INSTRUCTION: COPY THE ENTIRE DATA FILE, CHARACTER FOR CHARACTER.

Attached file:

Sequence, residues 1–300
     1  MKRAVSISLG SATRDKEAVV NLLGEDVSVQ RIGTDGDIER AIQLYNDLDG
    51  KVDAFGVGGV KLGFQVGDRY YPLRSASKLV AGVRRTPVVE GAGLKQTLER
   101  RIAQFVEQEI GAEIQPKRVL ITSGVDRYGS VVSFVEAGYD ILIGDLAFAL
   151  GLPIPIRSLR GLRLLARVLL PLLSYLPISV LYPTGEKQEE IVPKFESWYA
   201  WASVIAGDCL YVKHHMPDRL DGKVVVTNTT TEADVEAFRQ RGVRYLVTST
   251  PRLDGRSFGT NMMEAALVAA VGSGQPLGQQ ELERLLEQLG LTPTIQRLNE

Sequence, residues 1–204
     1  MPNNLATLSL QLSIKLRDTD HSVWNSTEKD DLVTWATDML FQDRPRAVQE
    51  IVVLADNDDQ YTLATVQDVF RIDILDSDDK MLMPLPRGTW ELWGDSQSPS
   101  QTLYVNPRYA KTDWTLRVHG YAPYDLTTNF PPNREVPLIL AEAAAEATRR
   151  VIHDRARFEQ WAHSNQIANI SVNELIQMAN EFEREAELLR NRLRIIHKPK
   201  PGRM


Sequence, residues 1–300
     1  MKRAVSISLG SATRDKEAVV NLLGEDVSVQ RIGTDGDIER AIQLYNDLDG
    51  KVDAFGVGGV KLGFQVGDRY YPLRSASKLV AGVRRTPVVE GAGLKQTLER
   101  RIAQFVEQEI GAEIQPKRVL ITSGVDRYGS VVSFVEAGYD ILIGDLAFAL
   151  GLPIPIRSLR GLRLLARVLL PLLSYLPISV LYPTGEKQEE IVPKFESWYA
   201  WASVIAGDCL YVKHHMPDRL DGKVVVTNTT TEADVEAFRQ RGVRYLVTST
   251  PRLDGRSFGT NMMEAALVAA VGSGQPLGQQ ELERLLEQLG LTPTIQRLNE

Sequence, residues 1–204
     1  MPNNLATLSL QLSIKLRDTD HSVWNSTEKD DLVTWATDML FQDRPRAVQE
    51  IVVLADNDDQ YTLATVQDVF RIDILDSDDK MLMPLPRGTW ELWGDSQSPS
   101  QTLYVNPRYA KTDWTLRVHG YAPYDLTTNF PPNREVPLIL AEAAAEATRR
   151  VIHDRARFEQ WAHSNQIANI SVNELIQMAN EFEREAELLR NRLRIIHKPK
   201  PGRM